A new University of Arkansas for Medical Sciences (UAMS) program to help economically and socially disadvantaged public school students across the state learn about and eventually pursue careers in science, technology, engineering, mathematics and health care is off to an aspirational start.
The impetus behind Pathways Academy, a comprehensive learning and community engagement program envisioned by Brian Gittens, Ed. D., vice chancellor of the UAMS Division for Diversity, Equity and Inclusion, was an $800,000 grant awarded to the division in March by the Arkansas Division of Workforce Services.
The Temporary Assistance for Needy Families sub grant is renewable for up to five years – a potential commitment of $4 million.
The ultimate goal of the program is to diversify the health care workforce in Arkansas.
Executive Director Shanea Morrison Nelson, Ph. D., who officially took the helm Aug. 2, has hired a five-member leadership team and started working on establishing community partnerships at five pilot sites –Pine Bluff, El Dorado, Hot Springs, Jonesboro and Springdale.
Nelson said her education coordinator, Katina White, has started working with school administrators, community leaders and philanthropists in each area to devise site-specific curriculum based on the needs in each community.
Other members of the team are Tami Lambert, parent engagement coordinator, Gayla Caldwell, program coordinator and Justin Carbage, outreach and recruitment coordinator.
Selected scholars from families that are eligible for Temporary Assistance for Needy Families will be provided year-round opportunities — mostly on a couple of Saturdays each month — for mentoring, tutoring or attending events, such as conferences and seminars. More intensive training will be available at the various sites for about two weeks during the summer.
“The plan is for students to get started in Pathways Academy at an early age and then grow with the program as they transition into middle school and high school, remaining engaged in the program until they graduate,” Nelson said.
“Many of the students we are targeting aren’t exposed to the idea of a STEM-Health care career,” she said, so by making them aware of the possibilities, “it’s more likely they’ll pursue a career in a STEM-Health care discipline.”
Because a student’s environment also influences their enthusiasm and their ability to learn, she said, “once the sessions with the students start, we’ll host information sessions with the parents on best practices on how to support their students, and academy leaders will provide resources to parents as well.”
“The psycho-emotional part is one of the most important pieces” of helping students remain on a path to a solid career choice, White said, citing barriers such as imposter syndrome, or chronic self-doubt that can that can undermine confidence and success.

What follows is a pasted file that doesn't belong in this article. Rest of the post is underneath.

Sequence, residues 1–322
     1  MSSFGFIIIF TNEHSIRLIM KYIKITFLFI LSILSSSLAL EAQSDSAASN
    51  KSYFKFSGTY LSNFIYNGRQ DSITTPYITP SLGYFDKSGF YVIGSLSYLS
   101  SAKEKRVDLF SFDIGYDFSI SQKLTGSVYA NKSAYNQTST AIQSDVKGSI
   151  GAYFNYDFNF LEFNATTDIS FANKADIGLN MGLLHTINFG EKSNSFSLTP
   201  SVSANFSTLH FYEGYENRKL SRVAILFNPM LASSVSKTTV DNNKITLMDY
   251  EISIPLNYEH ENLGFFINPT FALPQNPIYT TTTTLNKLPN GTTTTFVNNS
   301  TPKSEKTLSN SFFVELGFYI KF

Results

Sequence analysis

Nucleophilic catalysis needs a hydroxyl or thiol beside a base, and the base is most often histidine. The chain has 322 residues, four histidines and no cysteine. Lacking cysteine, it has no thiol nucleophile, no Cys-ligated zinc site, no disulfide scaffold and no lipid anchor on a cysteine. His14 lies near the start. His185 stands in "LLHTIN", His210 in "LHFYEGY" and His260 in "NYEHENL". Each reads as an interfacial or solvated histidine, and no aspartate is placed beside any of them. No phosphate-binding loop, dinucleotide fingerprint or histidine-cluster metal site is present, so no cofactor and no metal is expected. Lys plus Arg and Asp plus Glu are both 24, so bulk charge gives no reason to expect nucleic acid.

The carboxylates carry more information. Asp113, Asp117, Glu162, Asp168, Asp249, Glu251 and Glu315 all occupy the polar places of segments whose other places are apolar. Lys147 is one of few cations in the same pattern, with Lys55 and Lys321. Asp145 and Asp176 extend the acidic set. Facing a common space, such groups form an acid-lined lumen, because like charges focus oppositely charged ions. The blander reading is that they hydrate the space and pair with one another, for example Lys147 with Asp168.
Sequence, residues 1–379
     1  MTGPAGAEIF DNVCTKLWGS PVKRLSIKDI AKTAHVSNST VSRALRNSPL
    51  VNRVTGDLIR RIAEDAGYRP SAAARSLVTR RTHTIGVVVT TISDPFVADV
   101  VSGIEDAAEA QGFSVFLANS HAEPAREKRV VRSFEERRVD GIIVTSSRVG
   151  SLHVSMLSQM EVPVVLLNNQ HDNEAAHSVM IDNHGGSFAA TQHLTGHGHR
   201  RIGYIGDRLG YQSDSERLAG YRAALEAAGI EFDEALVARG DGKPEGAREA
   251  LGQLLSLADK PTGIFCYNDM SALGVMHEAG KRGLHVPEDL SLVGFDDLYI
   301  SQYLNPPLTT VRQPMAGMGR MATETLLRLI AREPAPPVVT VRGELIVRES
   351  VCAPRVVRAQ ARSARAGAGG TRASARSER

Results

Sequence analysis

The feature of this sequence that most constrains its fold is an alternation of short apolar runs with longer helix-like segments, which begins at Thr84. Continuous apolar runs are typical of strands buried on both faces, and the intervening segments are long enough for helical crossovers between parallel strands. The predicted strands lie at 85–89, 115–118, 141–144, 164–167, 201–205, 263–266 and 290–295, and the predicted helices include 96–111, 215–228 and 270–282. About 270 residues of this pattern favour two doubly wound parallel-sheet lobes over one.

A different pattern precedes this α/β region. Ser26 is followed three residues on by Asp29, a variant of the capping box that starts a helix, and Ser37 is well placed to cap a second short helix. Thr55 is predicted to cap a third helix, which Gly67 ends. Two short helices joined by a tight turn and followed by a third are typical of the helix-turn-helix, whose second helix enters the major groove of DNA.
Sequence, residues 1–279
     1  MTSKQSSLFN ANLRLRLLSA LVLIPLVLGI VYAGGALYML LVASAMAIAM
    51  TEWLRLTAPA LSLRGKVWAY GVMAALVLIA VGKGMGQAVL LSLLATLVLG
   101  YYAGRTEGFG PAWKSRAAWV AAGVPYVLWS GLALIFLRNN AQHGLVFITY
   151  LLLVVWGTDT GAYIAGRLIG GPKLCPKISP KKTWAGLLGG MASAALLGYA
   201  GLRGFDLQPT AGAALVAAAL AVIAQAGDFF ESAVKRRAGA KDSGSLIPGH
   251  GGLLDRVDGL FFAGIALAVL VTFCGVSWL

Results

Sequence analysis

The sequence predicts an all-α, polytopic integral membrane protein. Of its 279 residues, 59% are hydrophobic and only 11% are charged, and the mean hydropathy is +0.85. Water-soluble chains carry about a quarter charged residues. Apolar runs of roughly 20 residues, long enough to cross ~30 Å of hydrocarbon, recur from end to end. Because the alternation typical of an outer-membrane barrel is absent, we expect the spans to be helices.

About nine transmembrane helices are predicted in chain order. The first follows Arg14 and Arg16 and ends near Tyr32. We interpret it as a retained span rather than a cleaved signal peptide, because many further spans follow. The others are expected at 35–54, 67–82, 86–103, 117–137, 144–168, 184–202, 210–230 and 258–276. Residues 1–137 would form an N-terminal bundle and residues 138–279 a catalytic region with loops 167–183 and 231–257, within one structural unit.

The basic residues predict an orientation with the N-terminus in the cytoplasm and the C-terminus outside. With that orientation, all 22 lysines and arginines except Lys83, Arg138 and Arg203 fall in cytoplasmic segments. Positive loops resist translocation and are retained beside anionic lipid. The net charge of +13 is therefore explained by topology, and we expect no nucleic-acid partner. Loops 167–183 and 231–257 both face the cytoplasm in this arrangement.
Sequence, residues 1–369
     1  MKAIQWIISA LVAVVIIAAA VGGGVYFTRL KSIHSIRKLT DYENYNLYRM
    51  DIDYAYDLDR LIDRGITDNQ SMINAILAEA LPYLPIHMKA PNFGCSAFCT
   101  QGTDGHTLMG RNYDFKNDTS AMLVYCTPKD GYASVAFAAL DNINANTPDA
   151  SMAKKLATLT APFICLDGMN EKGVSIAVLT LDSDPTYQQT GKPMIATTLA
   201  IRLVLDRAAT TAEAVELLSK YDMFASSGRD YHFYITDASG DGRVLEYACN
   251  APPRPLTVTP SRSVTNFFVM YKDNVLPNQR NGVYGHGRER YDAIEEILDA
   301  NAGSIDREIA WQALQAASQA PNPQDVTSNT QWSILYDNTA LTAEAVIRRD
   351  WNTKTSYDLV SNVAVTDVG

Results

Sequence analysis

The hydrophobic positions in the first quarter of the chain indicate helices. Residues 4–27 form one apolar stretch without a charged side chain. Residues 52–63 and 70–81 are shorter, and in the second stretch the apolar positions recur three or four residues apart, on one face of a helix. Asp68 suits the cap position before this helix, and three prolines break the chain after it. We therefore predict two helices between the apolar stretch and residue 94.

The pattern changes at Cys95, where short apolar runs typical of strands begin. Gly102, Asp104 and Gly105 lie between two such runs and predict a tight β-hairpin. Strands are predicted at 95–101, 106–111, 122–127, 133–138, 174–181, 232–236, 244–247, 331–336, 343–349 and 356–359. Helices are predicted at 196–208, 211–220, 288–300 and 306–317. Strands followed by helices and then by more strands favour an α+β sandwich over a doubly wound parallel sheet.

Nelson said three existing STEM programs that have been in operation for five years will be absorbed under the Pathways umbrella. They are a Junior Stem Academy for Kindergarten through fifth-grade students, a Senior Stem Academy for sixth through eighth graders and Ramp Up, for students in grades nine through 12. A fourth group for student athletes started this summer.
“The stakeholders play a key role in the success of the Pathways Academy,” Nelson said, referring to the community leaders. “We have plans to establish steering committees at each site to provide resources, and as a way to stay connected to the community.”
Nelson, who has directed workforce and community development programs in Louisiana, said UAMS is the perfect location to serve as the program’s base not only because of its focus on health care but also because of its emphases on scientific research and community involvement.
“The innovative work happening at UAMS has a widespread, positive impact on the community,” she said.
Nelson’s goal is to recruit 500 students statewide by July 1, the beginning of UAMS’ 2023 fiscal year. She said she plans to launch a full recruitment drive in January. Gittens has said he wants to eventually include 1,200 students statewide.
“The achievement gap for socioeconomically disadvantaged students and students from minority backgrounds is well-documented in terms of graduation and matriculation rates,” Gittens said. “Our purpose with this program is equity and providing resources to those who need them, to prepare them for further academic and career advancement.”
White, who was a participant in a college access program in high school, said the pathways she started on then, such as becoming a member of the National Society of Black Engineers, have “really helped in creating the STEM curriculum” for the Pathways program.
Nelson, also a former college access program participant, said her involvement in those programs “really peaked my interest” in pursuing a master’s and then a doctoral degree.
“These programs do work,” Nelson said. “We’re living proof.”